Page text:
WARNING: Extension Cords

Discussion in 'Prime Plug-in Charging' started by Rob43, Oct 15, 2019.

  1. JimboPalmer

    JimboPalmer Tsar of all the Rushers

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  2. Bill Norton

    Bill Norton Senior Member

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    Side note to this thread:
    Numbers like this above ^, and other EV reviews such as "The Kia Niro EV takes 9.5 hours to recharge on a 120V outlet" are telling a worst case story.

    People casually read this about an EV and think, "9.5 hrs? Ain't nobody got time for that"....:rolleyes:

    Why do they use the numbers for 'Zero to Full Charge' ?
    The only way for an EV to plug into a charger at 'Zero' is if it arrives on a Flat Bed Tow Truck.

    You Recharge at night only the amount you used that day.

    And as mentioned above:
    'an astute Home Inspector' would definitely FLAG an extension cord with 240V on the typical 120V end.
    Hide that thing when they're around. NOT to code.
     
    #62 Bill Norton, Jul 22, 2020
    Last edited: Jul 22, 2020
  3. El Dobro

    El Dobro A Member

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    There are also those that think you can't use the car until it's fully charged.
     
  4. m8547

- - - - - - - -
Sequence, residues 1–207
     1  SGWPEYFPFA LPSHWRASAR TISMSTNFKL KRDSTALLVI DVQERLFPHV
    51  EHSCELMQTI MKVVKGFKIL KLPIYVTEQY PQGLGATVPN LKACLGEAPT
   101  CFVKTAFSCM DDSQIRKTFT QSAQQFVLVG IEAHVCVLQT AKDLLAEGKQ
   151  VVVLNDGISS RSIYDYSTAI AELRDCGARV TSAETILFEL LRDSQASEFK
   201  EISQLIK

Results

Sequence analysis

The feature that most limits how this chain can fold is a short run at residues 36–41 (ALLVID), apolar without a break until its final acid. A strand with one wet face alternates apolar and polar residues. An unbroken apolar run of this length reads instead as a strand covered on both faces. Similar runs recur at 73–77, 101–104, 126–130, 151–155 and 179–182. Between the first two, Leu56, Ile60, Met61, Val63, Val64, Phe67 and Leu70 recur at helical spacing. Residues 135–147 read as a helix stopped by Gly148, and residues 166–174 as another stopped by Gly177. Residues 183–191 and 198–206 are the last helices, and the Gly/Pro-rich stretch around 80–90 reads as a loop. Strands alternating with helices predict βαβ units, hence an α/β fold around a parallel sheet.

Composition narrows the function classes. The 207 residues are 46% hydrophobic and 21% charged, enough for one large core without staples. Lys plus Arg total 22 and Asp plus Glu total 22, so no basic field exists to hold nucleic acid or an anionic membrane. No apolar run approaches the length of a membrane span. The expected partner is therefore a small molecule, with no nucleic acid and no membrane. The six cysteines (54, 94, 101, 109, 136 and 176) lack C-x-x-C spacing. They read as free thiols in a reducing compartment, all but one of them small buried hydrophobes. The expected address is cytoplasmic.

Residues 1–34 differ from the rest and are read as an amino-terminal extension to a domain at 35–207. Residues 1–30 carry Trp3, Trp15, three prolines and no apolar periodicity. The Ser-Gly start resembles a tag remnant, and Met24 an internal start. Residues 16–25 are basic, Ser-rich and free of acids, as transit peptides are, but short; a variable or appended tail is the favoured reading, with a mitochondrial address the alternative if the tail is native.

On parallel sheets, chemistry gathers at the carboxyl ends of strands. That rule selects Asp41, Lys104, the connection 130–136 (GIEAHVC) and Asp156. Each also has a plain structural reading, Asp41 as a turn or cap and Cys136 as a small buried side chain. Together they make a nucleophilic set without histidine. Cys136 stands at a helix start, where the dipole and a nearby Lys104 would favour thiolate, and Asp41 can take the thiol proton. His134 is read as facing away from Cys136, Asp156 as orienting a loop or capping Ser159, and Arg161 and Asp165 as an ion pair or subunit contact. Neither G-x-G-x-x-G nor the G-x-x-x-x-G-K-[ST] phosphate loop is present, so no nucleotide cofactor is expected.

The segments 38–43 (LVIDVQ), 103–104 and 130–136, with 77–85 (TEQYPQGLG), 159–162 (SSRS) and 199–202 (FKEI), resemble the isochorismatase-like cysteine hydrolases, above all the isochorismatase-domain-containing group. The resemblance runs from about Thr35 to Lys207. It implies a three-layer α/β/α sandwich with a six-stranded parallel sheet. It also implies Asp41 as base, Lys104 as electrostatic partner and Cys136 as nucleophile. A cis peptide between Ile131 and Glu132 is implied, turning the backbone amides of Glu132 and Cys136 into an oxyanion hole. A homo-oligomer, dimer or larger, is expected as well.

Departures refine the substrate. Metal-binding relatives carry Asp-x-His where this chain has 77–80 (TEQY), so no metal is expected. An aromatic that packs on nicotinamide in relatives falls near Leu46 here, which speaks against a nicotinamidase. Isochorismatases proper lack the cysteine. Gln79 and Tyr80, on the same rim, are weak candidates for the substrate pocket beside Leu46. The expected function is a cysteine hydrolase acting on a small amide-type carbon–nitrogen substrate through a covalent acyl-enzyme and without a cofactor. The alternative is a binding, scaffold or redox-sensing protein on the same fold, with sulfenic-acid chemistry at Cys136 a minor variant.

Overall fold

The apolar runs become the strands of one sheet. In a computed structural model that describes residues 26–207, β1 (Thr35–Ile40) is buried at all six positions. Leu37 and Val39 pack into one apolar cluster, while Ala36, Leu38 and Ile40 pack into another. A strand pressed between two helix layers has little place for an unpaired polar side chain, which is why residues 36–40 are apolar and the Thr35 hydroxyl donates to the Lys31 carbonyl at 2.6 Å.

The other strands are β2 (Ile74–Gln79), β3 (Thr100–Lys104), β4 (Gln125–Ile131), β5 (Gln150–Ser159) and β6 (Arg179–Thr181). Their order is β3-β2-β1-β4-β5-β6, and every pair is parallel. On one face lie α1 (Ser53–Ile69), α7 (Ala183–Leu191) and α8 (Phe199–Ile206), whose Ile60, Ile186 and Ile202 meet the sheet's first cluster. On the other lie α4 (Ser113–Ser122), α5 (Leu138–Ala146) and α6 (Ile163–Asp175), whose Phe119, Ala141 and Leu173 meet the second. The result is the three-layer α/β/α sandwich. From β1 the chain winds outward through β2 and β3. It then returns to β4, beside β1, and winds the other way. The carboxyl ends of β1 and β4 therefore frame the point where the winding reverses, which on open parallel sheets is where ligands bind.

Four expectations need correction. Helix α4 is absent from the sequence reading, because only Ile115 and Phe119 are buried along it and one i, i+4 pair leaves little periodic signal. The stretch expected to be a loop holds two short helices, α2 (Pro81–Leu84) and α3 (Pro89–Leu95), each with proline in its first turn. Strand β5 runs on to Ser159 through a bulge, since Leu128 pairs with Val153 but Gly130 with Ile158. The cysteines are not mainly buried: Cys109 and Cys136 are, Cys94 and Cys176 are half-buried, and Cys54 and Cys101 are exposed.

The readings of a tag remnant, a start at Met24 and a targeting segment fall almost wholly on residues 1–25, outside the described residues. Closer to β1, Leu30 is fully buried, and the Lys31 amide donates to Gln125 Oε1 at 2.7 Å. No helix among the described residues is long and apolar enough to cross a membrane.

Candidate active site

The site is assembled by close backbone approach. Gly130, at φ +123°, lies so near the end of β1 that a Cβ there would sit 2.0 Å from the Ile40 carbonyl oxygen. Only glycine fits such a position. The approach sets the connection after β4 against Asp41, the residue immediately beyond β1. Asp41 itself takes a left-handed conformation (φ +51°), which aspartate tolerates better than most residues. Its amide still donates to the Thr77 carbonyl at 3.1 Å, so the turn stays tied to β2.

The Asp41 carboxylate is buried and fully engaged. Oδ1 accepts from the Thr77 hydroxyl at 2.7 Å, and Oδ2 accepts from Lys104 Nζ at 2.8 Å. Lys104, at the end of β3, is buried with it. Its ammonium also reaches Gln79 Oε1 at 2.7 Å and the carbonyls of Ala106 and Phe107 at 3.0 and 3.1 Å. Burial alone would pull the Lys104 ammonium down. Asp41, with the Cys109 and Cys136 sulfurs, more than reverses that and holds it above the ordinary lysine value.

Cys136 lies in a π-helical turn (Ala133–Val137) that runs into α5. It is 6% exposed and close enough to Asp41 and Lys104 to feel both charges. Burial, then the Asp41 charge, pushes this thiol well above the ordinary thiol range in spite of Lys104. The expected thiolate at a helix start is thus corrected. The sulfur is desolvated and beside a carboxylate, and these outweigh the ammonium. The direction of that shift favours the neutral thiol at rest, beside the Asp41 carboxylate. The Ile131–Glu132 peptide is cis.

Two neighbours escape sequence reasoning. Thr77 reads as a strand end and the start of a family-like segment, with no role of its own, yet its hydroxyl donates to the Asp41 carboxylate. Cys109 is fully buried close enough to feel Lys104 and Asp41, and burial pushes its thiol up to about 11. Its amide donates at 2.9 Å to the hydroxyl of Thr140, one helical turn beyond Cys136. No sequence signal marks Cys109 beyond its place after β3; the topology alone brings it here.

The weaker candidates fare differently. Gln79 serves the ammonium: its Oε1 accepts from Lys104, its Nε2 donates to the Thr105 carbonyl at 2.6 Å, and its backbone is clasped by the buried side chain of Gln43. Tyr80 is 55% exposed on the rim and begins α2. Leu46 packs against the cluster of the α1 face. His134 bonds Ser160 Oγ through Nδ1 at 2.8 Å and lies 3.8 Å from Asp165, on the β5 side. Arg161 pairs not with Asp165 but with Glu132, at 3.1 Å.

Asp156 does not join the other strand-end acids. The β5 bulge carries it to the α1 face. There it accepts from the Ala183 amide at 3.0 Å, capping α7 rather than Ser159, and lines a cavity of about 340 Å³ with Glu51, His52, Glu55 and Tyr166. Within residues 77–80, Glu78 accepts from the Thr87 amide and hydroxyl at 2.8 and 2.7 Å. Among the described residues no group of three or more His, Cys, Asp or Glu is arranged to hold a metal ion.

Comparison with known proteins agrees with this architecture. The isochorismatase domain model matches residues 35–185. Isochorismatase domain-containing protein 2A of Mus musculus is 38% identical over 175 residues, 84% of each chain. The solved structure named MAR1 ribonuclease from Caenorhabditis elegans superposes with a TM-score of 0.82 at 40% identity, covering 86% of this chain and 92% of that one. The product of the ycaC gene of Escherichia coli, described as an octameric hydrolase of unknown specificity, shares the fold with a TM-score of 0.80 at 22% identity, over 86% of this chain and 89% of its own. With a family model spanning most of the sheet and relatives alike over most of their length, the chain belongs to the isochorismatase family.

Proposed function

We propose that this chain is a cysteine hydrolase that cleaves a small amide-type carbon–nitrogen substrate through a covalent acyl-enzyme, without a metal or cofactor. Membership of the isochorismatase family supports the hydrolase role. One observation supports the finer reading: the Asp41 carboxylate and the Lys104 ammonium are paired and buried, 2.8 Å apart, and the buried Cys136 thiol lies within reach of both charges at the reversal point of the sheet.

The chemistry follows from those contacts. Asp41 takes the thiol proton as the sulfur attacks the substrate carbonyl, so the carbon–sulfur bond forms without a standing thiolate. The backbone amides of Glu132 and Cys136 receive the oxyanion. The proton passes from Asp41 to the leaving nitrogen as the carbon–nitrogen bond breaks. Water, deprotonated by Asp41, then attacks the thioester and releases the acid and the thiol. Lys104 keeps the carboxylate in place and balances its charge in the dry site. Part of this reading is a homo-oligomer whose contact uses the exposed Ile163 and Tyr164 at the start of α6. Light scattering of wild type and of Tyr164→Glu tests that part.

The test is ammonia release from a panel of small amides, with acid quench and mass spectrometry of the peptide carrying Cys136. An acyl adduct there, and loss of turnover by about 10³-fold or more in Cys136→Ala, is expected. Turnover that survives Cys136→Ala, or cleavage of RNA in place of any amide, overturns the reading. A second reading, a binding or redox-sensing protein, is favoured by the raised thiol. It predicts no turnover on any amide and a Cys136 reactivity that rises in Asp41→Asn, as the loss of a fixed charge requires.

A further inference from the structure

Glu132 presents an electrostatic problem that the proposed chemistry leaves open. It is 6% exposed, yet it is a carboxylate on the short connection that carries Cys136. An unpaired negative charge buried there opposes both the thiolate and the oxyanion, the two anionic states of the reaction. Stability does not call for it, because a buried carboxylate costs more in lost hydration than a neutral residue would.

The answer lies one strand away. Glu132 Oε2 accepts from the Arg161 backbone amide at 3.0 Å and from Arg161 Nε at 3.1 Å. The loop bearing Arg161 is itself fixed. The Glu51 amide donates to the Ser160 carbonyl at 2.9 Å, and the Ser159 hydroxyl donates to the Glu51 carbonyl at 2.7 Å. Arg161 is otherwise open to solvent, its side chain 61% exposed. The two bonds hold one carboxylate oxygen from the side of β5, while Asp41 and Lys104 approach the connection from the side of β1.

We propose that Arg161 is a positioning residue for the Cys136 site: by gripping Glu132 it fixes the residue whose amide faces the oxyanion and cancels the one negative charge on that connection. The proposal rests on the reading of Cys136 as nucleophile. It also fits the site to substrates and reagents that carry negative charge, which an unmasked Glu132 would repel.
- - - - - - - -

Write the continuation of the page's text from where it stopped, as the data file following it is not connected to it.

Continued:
m8547 Senior Member

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    On a related note, since all EVs have similar efficiency, 120V charging is probably good enough for most people who drive a typical amount per day. Most people seem to be putting in 40A circuits for their Teslas. But if 120V works for us, it would work for them too, for the most part.

    Faster charging is more comfortable, of course, since it requires less planning ahead. But 40A is overkill for pretty much everyone.
     
  5. Lee Jay

    Lee Jay Senior Member

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    That's just not true! An older Model S or X will use around twice the energy of my Prius Prime to drive the same distance.

    That is true.

    Depends on how much you drive per day. I have a friend with a Model S that charges over night on 120V about once ever 2-3 days. I have another friend with an 85 mile round-trip commute every day in a Model 3. At around 4 miles per hour of charging, he would need 21 hours or so to charge every day so he charges at home on L2.
     
  6. m8547

    m8547 Senior Member

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    Maybe calling it the same efficiency is an oversimplification, but it's the same order of magnitude.

    There's always an exception. 85 miles a day is far more than average. Average is about 32 miles round-trip. Of course it depends on where you live, but I can only think of one person at my work with a 90 mile round trip commute, one 60 mile, several 40 miles, and most are less than that.
     
  7. Lee Jay

    Lee Jay Senior Member

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    Well, yeah, but that's like saying every car gets between 10 and 100 miles per gallon. I think a factor of 2 is a lot!

    That's true, but I actually have a friend who used to work in Santa Barbara and his commute was 115 miles each way from the other side of the mountains. Ouch!

    My current commute is about 30-40 feet.
     
  8. MTN

    MTN Active Member